Well, Australia has the dragonfish, a banana-sized creature with a mouth full of sharp teeth, some even on its tongue. It lives deep in the ocean, and since it may be a long time between meals, if it finds something to eat it needs to hang on to it.

In the Gulf of Mexico, queen angelfish have been seen hanging out around oil rigs, while the deep regions sport specialized octopuses.

The Caribbean has the bearded fireworm and nocturnal brittle stars, while off South Korea lives the sargassum fish. It has a trapdoor-like mouth high on the head, and a "fishing lure" formed by the first dorsal spine on the snout.

When it comes to what group of sea creatures have the most different species, it turns out to be crustaceans, such as shrimp, crabs and lobster.

Overall, the report said crustaceans make up nearly one-fifth of the species in the ocean — 19 percent. Close behind at 17 percent were mollusks such as squid, octopus, clams, snails and slugs. Fish make 12 percent of ocean species, and it is 10 percent each for protozoa and algae.

Smaller shares go to segmented worms (7 percent); cnidaria such as sea anemones, corals and jellyfish (5 percent); and the groups of sea creatures that include flatworms (3 percent), starfish (3 percent), sponges (3 percent), moss animals (2 percent) and sea squirts (1 percent).

Whales are in the 'other' category
The rest are other invertebrates (5 percent) and other vertebrates (2 percent). The "other vertebrates" include whales, sea lions, seals, sea birds, turtles and walruses. "Thus, some of the best-known marine animals comprise a tiny part of marine biodiversity," the Census of Marine Life said in a statement. That assessment is based purely on the number of species identified, rather than the species' abundance or total biomass.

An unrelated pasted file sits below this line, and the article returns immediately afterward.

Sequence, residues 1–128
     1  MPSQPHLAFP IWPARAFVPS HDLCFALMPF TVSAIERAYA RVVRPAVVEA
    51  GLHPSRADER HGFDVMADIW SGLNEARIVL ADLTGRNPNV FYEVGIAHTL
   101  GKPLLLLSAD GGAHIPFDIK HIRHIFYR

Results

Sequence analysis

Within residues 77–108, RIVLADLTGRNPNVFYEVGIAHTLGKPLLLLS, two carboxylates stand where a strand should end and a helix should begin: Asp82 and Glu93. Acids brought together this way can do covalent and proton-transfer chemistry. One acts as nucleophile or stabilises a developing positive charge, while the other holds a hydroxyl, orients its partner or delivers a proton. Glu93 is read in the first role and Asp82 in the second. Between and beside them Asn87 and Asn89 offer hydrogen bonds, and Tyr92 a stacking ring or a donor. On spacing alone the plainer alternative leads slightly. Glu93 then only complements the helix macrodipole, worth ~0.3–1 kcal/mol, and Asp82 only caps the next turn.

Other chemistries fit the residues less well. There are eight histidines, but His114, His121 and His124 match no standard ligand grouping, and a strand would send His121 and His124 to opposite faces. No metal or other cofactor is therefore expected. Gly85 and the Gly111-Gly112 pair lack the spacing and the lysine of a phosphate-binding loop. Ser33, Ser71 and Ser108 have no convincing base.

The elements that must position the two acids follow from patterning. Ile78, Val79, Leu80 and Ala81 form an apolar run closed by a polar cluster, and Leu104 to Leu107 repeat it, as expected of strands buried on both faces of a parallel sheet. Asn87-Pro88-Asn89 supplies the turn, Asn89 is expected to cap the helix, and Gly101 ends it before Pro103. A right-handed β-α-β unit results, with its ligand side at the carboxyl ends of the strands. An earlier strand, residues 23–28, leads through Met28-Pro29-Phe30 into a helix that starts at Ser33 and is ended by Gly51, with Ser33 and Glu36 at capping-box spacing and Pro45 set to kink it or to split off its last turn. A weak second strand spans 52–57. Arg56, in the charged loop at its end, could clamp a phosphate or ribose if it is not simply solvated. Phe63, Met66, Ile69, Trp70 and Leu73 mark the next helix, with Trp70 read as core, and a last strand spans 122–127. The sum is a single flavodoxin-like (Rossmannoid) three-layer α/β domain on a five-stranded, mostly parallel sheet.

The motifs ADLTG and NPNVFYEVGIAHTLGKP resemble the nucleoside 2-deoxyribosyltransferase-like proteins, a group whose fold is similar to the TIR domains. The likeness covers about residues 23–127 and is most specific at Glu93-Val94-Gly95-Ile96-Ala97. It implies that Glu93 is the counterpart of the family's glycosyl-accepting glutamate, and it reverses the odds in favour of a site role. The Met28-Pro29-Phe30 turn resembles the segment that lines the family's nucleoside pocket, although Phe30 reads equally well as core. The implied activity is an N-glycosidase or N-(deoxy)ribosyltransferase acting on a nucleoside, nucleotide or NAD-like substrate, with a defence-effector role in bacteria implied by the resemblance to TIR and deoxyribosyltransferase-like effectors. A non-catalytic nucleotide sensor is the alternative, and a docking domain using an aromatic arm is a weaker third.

The most widely found species tend to fall under two broad categories. On the small side of the scale would be microscopic plants and single-celled animals; on the large side of the scale would be seabirds and marine mammals that traverse the world's oceans.

The Census reported that the manylight viperfish (Chauliodus sloani) could be considered the "Everyman of the deep ocean," because sightings of the fish has been recorded in more than a quarter of the world's seas.

Patricia Miloslavich of Venezuela's Universidad Simon Bolivar, a co-senior scientist for the global effort and leader of the regional studies, said the Census would serve as a "baseline" for future research. However, the Smithsonian's Knowlton cautioned that most of the organisms in the world's oceans would "still remain nameless and their numbers unknown" even after the Census is finished.

"This is not an admission of failure," she said. "The ocean is simply so vast that, after 10 years of hard work, we still have only snapshots, though sometimes detailed, of what the sea contains. But it is an important and impressive start."

This report includes information from The Associated Press and An earlier version of this report mischaracterized the species richness per unit of area, due to a multiplication factor in the research paper that was left out of the calculations.